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Mother's education and the risk of preterm and small for gestational age birth: a DRIVERS meta-analysis of 12 European cohorts
  1. Milagros Ruiz1,
  2. Peter Goldblatt2,
  3. Joana Morrison1,
  4. Lubomír Kukla3,
  5. Jan Švancara3,4,
  6. Marjo Riitta-Järvelin5,7,8,9,
  7. Anja Taanila6,
  8. Marie-Josèphe Saurel-Cubizolles10,
  9. Sandrine Lioret11,
  10. Chryssa Bakoula12,
  11. Alexandra Veltsista12,
  12. Daniela Porta13,
  13. Francesco Forastiere13,
  14. Manon van Eijsden14,
  15. Tanja G M Vrijkotte15,
  16. Merete Eggesbø16,
  17. Richard A White16,
  18. Henrique Barros17,18,
  19. Sofia Correia17,18,
  20. Martine Vrijheid19,20,
  21. Maties Torrent20,21,
  22. Marisa Rebagliato20,22,
  23. Isabel Larrañaga23,24,
  24. Johnny Ludvigsson25,
  25. Åshild Olsen Faresjö26,
  26. Daniel Hryhorczuk27,
  27. Youriy Antipkin28,
  28. Michael Marmot1,2,
  29. Hynek Pikhart1
  1. 1Research Department of Epidemiology and Public Health, University College London, London, UK
  2. 2Research Department of Epidemiology and Public Health, UCL Institute of Health Equity, University College London, London, UK
  3. 3Faculty of Science, Research Centre for Toxic Compounds in the Environment (RECETOX), Masaryk University, Brno, Czech Republic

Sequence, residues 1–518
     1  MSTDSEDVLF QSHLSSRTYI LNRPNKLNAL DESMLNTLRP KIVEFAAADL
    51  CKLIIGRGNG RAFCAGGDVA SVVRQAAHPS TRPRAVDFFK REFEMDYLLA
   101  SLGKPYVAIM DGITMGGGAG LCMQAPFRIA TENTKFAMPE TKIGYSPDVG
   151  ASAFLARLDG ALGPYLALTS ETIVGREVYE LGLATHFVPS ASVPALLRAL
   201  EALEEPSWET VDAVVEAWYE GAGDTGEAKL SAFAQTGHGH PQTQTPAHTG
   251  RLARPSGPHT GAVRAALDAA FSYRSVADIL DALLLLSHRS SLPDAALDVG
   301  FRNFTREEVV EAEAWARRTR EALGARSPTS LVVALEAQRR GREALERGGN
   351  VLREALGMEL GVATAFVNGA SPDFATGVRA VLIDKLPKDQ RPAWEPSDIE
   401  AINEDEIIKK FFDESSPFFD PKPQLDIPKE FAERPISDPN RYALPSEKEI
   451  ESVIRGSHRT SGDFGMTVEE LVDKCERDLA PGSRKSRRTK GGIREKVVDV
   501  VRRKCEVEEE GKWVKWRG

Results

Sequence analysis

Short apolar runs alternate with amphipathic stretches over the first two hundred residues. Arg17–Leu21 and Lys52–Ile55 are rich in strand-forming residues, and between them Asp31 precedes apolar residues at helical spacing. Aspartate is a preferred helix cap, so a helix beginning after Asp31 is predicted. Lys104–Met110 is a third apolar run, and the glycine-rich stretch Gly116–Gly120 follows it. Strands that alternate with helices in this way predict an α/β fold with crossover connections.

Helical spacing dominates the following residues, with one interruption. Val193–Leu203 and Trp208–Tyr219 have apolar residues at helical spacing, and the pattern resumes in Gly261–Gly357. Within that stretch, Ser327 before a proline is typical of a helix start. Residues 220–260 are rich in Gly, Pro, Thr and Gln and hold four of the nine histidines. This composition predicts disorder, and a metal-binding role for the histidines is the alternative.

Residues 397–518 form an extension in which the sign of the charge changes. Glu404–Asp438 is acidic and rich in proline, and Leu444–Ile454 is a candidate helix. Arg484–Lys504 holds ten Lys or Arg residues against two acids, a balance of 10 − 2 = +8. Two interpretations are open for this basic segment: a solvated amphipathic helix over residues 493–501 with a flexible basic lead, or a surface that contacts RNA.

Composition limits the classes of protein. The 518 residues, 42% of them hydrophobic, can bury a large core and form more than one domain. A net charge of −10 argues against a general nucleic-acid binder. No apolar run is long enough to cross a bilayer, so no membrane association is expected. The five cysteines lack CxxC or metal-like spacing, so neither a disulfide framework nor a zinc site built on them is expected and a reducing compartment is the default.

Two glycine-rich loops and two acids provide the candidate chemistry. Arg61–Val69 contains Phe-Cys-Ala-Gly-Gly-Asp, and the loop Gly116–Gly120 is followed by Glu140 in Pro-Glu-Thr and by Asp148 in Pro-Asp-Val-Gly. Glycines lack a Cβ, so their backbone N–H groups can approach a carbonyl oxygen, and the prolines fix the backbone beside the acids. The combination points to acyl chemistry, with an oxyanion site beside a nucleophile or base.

4. 4Faculty of Medicine, Institute of Biostatistics and Analyses, Masaryk University, Brno, Czech Republic
  5. 5Department of Epidemiology and Biostatistics, MRC Health Protection Agency (HPE), Centre for Environment and Health, School of Public Health, Imperial College London, London, UK
  6. 6Biocenter Oulu, University of Oulu, Oulu, Finland
  7. 7Unit of Primary Care, Oulu University Hospital, Oulu, Finland
  8. 8Center for Life Course Epidemiology, Faculty of Medicine, University of Oulu, Oulu, Finland
  9. 9Institute of Health Sciences, University of Oulu, Oulu, Finland
  10. 10Institut National de la Santé et de la Recherche Médicale (INSERM) UMR 1153, Obstetrical, Perinatal and Pediatric Epidemiology Research Team (Epopé), Center for Epidemiology and Statistics, Sorbonne Paris Cité, DHU Risks in Pregnancy, Paris Descartes University, Paris, France
  11. 11Institut National de la Santé et de la Recherche Médicale (INSERM) UMR 1153, Early Origin of the Child's Health and Development Team (ORCHAD), Center for Epidemiology and Statistics, Sorbonne Paris Cité, Paris Descartes University, Paris, France
  12. 12First Department of Paediatrics, University of Athens, Aghia Sophia Children's Hospital, Athens, Greece
  13. 13Department of Epidemiology of the Lazio Regional Health System, Rome, Italy
  14. 14Department of Epidemiology and Health Promotion, Public Health Service of Amsterdam, Amsterdam, The Netherlands
  15. 15Department of Public Health, Academic Medical Center, University of Amsterdam, Amsterdam, The Netherlands
  16. 16Department of Genes and Environment, Norwegian Institute of Public Health, Oslo, Norway
  17. 17Department of Clinical Epidemiology, Predictive Medicine and Public Health, University of Porto Medical School, Porto, Portugal